raffique shah----USE

I imagine that every citizen who is conscious of the state of the country’s economy must wonder what magic Finance Minister Colm Imbert will weave when he presents his sixth consecutive budget in a few weeks.

The economy was already battered and bruised by plummeting oil and gas prices and struggling production levels when Covid-19 entered the picture and added to its grimness. The deadly virus savaged economies around the world, bringing many countries to their knees, leaving behind scenes that seem to be apparitions of Armageddon.

Here in Trinidad and Tobago, five years of deficit budgeting, in which expenditure had exceeded revenue that drove the country deeper into debt, signs of a recovery crumbled cruelly in the economic earthquake, causing much moaning, weeping, gnashing of teeth, not to add tens of thousands of outstretched hands seeking food and basic needs for survival.

It is against such a gloomy backdrop that the People’s National Movement won the general election on August 10, leaving me to wonder why anyone would want to run this country in such times. So now, with no respite from the pandemic—if anything, it has grown worse—Minister Imbert must find ways to raise revenues of $50 billion or more, or wield a mean blade to cut billions off the expenditure column of his balance sheet, in order to satisfy the needs of a nation that could be unreasonable in the best of times, or unforgiving when the going gets tough.

I don’t know what the actual revenues collected for the year will be, but common sense tells me they will be substantially below what he estimated in the last budget. Then, nobody could have imagined the Covid-19 pandemic and the shutting down of the country, hell, a global shutdown. Our economy, like so many others, ground to a screeching halt. Revenues from oil and gas companies, those that had not stopped operations before March (many petrochemical plants did), will have fallen precipitously.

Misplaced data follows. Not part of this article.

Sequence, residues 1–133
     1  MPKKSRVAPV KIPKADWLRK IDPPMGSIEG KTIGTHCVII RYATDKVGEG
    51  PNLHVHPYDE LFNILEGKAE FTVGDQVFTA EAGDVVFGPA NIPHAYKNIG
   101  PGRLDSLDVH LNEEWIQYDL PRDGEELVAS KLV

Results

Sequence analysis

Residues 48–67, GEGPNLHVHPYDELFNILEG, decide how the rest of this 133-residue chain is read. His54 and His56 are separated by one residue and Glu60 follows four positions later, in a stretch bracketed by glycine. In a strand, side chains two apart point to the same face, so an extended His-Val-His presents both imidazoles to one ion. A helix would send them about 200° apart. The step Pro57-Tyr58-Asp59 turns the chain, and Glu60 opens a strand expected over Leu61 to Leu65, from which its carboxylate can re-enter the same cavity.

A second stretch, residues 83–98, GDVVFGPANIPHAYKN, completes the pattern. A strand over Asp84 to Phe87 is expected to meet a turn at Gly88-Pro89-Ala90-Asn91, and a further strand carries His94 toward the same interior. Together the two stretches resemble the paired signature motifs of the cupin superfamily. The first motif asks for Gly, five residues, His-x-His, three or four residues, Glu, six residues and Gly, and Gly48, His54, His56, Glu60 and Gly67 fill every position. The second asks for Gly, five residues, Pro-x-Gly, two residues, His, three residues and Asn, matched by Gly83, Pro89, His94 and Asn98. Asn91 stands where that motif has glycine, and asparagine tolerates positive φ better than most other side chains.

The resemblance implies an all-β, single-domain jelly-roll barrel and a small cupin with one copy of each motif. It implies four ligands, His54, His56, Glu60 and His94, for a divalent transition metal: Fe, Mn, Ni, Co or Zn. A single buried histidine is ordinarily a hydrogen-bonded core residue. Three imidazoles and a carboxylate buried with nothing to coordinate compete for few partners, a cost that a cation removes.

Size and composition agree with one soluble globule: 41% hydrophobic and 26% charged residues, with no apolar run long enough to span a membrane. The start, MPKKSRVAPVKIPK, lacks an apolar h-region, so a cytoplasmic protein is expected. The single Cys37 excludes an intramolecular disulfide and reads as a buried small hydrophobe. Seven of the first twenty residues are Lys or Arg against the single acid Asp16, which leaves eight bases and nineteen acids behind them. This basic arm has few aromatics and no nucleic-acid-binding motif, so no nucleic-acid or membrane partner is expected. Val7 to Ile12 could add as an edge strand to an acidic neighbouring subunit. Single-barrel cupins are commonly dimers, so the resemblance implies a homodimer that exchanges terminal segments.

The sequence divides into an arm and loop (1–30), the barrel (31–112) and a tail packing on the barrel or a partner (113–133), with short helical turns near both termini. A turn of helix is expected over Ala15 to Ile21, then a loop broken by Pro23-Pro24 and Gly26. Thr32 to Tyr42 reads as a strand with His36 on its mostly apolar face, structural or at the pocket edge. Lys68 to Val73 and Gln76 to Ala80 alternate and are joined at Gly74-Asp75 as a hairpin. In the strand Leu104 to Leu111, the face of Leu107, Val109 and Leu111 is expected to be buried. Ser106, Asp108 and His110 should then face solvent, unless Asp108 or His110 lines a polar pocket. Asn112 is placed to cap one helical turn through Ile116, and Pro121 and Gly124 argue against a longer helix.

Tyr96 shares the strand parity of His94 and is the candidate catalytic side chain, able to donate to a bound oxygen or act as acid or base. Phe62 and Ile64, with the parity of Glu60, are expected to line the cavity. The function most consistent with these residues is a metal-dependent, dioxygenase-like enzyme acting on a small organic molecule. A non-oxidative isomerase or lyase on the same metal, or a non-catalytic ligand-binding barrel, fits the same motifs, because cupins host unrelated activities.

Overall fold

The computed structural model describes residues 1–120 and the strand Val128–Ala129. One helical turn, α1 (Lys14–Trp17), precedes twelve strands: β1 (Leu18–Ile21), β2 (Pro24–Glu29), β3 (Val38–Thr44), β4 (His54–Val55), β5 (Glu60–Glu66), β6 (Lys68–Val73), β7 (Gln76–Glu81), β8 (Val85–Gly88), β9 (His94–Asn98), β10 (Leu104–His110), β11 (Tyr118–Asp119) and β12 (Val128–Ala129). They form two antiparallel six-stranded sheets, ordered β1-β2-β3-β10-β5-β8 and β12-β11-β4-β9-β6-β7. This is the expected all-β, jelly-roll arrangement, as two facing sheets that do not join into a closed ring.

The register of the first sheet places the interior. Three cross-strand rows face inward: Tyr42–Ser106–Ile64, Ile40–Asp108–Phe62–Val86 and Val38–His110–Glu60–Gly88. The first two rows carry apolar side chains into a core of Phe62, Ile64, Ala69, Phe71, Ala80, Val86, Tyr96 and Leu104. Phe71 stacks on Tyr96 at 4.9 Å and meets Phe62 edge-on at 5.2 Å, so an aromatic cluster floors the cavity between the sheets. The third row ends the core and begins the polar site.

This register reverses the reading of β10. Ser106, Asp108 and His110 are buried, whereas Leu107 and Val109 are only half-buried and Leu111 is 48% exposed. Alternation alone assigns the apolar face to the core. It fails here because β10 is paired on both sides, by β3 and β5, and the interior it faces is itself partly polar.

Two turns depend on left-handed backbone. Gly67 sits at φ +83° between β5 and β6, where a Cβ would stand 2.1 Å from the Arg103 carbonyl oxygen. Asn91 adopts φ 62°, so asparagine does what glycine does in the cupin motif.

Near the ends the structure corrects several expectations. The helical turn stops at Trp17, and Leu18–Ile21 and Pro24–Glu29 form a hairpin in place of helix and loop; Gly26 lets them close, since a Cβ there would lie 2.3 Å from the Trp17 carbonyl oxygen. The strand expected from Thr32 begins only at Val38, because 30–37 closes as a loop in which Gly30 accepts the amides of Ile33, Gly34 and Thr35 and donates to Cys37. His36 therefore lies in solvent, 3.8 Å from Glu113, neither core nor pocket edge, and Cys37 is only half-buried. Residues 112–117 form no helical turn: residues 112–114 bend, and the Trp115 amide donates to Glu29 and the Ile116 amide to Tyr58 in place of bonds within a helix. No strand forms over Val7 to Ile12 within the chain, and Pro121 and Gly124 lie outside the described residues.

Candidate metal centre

No sales so no profits, no salaries so no income tax, and so on, so short. The Treasury will have been way short of cash. On top of that, during the Great Shutdown, the Government borrowed huge sums to pay all public sector employees who were on “lockdown”, as well as fund a number of grants to thousands of other workers, unemployed, poor people and businesses. I shudder to think of what the national debt must look like. It was more than $100 billion at the end of 2019.

Taxi-drivers, doubles vendors, market vendors, some hoteliers and other citizens benefited from the charity. I am sure some “Venes” and other non-nationals passed in the rush.

While we did not vote on it, I am sure the vast majority of citizens and taxpayers had no problem with the Government giving charity or support to people of the country who might have otherwise suffered immensely for lack of funds and lack of food.

I have not even mentioned the cost of mobilising and expanding the health systems in preparation for the fallout from the Covid-19 pandemic. I can easily see the Government spending maybe $20 billion more than budgeted for the current fiscal year.